More Than a Building: Using History to Focus on the Future

By Andrea Cournoyer

Walking by the corner of Sixth Avenue North and Nineteenth Street in downtown Birmingham provides a person the opportunity to step back in time. One can just imagine the wonder the construction of First United Methodist Church’s sanctuary caused when it was being completed back in 1891. At the time, it was the largest church in the city seating a total of 2,400 people within its auditorium-style sanctuary. Today it still serves as the church’s main building, and it continues to awe with its magnificent stained-glass windows and brownstone walls. However, First Church (as it likes to be called) sees itself as more than a building. It aims to play a central role in Birmingham’s religious and spiritual life. Although the church is rich in history and tradition, the congregation strives to carry on its legacy by looking to the future through crucial themes of love and inclusivity.

Rich in History

First Church started in 1872 and just last year celebrated 150 years of worship. The original name of the church was First Methodist Episcopal Church, South, and the first church meeting was held in a storehouse on First Avenue North known as the Bryant House (Bhamwiki 2022).The quick growth of the church led to its current sanctuary building being built less than twenty years after the congregation was initially started, and in the fall of 1891, Bishop John C. Kreener dedicated the church (Green 1896, 4). Because of the building’s architectural significance it was added to the National Register of Historic Places in 1982. Throughout all of these phases, the church has proved its place in the heart of downtown. Both tourists and church goers will tell you of its stunning architecture and beautiful detail. Its most recent restoration in 2014 brought its original interior color scheme and details back to life. All of this is to say that First Church prides itself on having a beautiful building to worship in. Today, the church holds both a contemporary and traditional worship service each Sunday. The traditional one is in the sanctuary and follows a typical United Methodist order of worship and the Revised Common Lectionary.

First United Methodist Church. Photo: Robert Gamble, SAH Archipedia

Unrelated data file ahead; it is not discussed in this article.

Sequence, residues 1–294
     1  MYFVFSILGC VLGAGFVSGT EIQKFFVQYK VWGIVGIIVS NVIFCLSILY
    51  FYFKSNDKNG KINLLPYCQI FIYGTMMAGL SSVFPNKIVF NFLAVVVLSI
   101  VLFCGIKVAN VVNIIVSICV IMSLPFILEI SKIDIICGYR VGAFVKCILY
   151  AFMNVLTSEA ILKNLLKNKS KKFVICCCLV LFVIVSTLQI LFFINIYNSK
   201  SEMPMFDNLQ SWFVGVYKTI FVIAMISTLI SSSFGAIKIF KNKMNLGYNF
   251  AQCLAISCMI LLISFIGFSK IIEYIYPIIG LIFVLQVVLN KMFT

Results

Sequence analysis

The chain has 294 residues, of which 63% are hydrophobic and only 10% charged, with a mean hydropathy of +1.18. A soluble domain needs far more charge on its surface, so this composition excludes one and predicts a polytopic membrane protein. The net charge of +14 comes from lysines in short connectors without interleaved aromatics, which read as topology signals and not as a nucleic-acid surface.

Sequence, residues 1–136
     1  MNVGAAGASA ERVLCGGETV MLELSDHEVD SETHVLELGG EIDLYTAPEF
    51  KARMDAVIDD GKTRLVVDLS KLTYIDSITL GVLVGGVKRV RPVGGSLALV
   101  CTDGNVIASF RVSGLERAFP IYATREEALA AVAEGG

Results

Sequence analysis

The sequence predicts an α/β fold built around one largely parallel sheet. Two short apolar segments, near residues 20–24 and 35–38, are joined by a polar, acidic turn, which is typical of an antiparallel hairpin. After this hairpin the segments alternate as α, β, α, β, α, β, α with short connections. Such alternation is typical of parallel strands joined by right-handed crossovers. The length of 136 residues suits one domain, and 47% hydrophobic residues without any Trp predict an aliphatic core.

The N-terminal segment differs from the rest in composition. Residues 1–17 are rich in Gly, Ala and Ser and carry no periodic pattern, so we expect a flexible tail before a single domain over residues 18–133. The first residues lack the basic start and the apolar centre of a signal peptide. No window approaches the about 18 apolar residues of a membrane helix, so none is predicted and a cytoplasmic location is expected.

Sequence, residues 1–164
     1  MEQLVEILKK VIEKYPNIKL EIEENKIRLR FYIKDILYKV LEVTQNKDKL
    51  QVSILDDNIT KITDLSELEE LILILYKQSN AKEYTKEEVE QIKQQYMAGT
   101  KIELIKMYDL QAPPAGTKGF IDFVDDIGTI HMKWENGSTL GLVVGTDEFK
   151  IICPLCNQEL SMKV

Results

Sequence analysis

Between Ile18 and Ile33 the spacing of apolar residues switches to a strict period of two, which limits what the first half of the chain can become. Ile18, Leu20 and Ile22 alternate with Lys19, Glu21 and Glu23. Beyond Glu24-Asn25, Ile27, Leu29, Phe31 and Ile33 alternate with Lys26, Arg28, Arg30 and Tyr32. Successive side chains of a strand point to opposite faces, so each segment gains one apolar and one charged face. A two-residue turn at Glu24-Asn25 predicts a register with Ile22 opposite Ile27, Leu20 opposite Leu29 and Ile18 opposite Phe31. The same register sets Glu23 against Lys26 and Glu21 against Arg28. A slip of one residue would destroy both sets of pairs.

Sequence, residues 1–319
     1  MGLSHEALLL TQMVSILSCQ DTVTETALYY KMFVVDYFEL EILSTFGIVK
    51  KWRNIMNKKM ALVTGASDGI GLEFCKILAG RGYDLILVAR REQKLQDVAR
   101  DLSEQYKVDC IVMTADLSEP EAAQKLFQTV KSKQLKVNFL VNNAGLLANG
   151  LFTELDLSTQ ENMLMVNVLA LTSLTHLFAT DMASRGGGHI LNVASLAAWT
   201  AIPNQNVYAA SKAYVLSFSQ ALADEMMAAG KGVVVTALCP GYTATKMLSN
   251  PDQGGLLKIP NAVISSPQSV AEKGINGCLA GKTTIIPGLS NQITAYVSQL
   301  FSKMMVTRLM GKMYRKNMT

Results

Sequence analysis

What Worship Looks Like Today

One clear difference that marks the outside of the church today that was not present a hundred years ago are the signs listing off all those who are welcome to worship. One of the church’s main mottos, if not the main one, is being “an open place for all” (First Church Birmingham, n.d.). The church shows this through its themes of love and inclusivity within worship as well as what it tries to accomplish within the community. The church aspires to be an open and engaging community that welcomes all people no matter their background. Their six church priorities include: practicing hospitality, embodying diversity, doing justice, encouraging authenticity, creating an inclusive community, and embracing tough questions. These show up in the ways the congregation serves the community as well as how it embraces those who are new or different in any given service. Because of the push for inclusiveness and diversity, every one who speaks within the service begins by mentioning the pronouns they prefer; this is yet another way to show that all are welcome without judgment. When attending worship, attendees can expect there to be a great amount of music and a homily. Both of these aspects look to push people closer to knowing and understanding God’s love. The singing of hymns and playing of the organ, however, take up a majority of the time in every service. One central and consistent theme in the music and worship is Christ’s love for believers being shown through his life and death. Almost every song, call to worship, or spoken word provides a different avenue through which this love can be seen and embraced. There is also a time the church calls the passing of the peace within the service that derives its name from early church practices; this time is a call to embrace others and encounter God through other people’s qualities and personalities. All of these aspects of worship highlight the sophisticated artistry and spirituality the church strives for in every single service.